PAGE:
Samantha Cross of Plastic Police:

Passion for recycling soft plastic

In this episode of the Plastics Revolution podcast, I chat with Samantha Cross of Plastic Police and Cross Connections Consulting.



Samantha spent most of her career helping companies reduce their waste as an employee of Brambles.  Then a few years ago, a combination of circumstances led her to start her own consulting company and a passion project she called Plastic Police to tackle soft plastic waste specifically.

What started as a shipping container and one school has now evolved to a fully tested model with a scalable blueprint for businesses and organisations anywhere.

We hope you enjoy this episode of Plastics Revolution with Samantha Cross of Plastic Police.

Credits

Hosted by Tammy Ven Dange
Produced by Jonny Puskas
Theme Music by Joseph McDade
All Rights Reserved 2020

Topics from this episode:

  • 0.00 | Intro
  • 1.46 | First job as a truck driver
  • 3.13 | Learning about the circular economy as an employee at Brambles
  • 7.15 | Changing career paths
  • 8.39 | Why focus on plastic?
  • 10.46 | The origins of Plastic Police, a passion project
  • 16.53 | More than a collection program
  • 19.53 | How to turn this passion project into something sustainable
  • 33.15 | The new Plastic Police Blueprint
  • 37.28 | How to find out more about Plastic Police and its new Blueprint

Quotes from Samantha Cross in this episode:

“I probably have been practising circular economy principles since the late 1990s, to be honest. When I was in the industrial services part of the business (at Brambles), we used to manage contracts that were require us to look at innovative ways to reduce our client’s costs. And by doing so, we were able to win new contracts and renew contracts. And I went to businesses and really looked at, you know, we were managing the waste at the time, but looking at ways, well, where was this waste coming from?”

“The easy option for me would be just to take it (plastic film from new furniture just purchased) into my network of contacts and get it recycled. But I actually put my hat on. While I’m a mother of three daughters, I’m actually apart of a community. And if it wasn’t easy for me to recycle as a as a mother, as a community member, then I know it wouldn’t be easy for other people.”

‘I was chairing the local Waste Management Association of Australia, the Hunter Regional Working Group. So, I had contacts, obviously, in all the waste management companies. So, I went along with a bag of plastic that I’d collected and said, “Look, I’ve got an idea. Who’d like to be involved?” And not surprisingly, I didn’t get any takers. It wasn’t a lot of value in plastic at that time.’

“So, I actually went out and bought a shipping container and approached my local school where my children attended at the time.”

Samantha Cross and Shipping Container

“I wanted to actually help communities not only take it away from landfill, but also start to realise the amount of packaging that we do use and other ways to reduce this packaging waste. Because at the end of the day, we still have to find markets for this material.”

“Plastic Police is committed to educating and empowering organisations and communities to implement circular economy solutions. So, we’ve always maintained it’s not just a recycling program. Because at the end of the day, if we’re not buying back products, then we really don’t have a sustainable recycling solution.”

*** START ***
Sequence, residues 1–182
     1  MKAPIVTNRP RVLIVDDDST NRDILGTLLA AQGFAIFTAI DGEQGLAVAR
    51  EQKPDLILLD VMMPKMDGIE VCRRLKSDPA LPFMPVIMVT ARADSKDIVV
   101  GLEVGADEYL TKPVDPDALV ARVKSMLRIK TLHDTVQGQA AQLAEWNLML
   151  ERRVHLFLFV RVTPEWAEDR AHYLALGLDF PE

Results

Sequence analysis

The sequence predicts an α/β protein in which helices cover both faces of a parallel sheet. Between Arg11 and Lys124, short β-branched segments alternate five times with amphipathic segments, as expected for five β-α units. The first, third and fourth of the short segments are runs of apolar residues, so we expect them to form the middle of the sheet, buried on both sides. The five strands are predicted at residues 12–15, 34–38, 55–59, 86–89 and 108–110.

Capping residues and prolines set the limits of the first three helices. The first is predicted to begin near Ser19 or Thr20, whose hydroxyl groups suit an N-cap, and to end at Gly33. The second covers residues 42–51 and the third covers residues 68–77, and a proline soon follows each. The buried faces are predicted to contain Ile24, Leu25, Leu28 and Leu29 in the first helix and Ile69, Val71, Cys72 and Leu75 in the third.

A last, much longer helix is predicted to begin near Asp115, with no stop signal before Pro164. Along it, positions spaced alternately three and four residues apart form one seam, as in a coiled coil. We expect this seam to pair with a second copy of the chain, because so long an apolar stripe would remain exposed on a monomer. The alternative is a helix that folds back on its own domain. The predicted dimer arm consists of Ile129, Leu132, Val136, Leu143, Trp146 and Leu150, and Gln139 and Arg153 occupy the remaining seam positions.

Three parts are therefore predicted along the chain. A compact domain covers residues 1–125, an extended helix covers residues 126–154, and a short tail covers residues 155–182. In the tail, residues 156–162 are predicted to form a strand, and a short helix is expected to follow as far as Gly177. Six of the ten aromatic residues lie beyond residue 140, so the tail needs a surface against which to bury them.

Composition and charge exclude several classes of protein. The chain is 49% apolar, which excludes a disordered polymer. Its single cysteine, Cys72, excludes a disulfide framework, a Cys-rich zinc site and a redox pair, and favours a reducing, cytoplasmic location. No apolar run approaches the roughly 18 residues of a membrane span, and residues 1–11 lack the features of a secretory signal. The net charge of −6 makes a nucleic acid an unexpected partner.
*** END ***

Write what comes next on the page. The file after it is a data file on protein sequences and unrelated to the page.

“Once we had finished the trial, I announced to the school community that the trial had finished, and there was community outrage. The reason being was they didn’t want to stop it.”

“We know the logistics in any recycling is a huge cost, and there’s a lot that goes into logistics.”

“We actually put the brakes on bringing anyone new on board because that just wasn’t feasible at the time. And I didn’t want to commit to collecting any plastic that I actually couldn’t find a home for.”

“If someone rings up and says, “I want to recycle my plastic. How much does it cost?” They would probably not our target at this point in time because we were doing a lot of face to face education, engagement. So, the people that were actually coming on board are the ones that actually saw more than it being just a recycling program. It was actually a community and staff engagement program.”

“It’s not seen as a recycling program or a waste management program. It’s actually a behaviour change community engagement program that ticks the boxes for a number of our participants in the SDG. space – Sustainable Development Goals.”

“We just haven’t gone in and spoken to the person responsible for the recycling the organisation. We go in, and we engage with everyone in the organisation because we really think everyone has a role to play to actually implement those circular solutions.”

“We’re actually going to focus on those two key areas: helping people to reduce soft plastic waste and secondly, buying back recycled products.”

“We really want to give people the tools to go in and implement this program themselves and really put their stamp on it. And if they know they want to own this program and in that respect, we are actually going to develop a blueprint. It’s called the Plastic Police Blueprint, which really shares our learnings over the last five years.”

“I think at the end of the day, where we add the most value is definitely on the education engagement side, and the repurchasing back, educating people about what they can repurchase back.”

Plastic Police educating kids about soft plastic

Links & Resources

Other Plastics Revolution podcast guests mentioned:

Manufactures of recycled products using soft plastic:

Published by

Tammy Ven Dange

Purpose Driven Entrepreneur Be kind to animals and mother nature!

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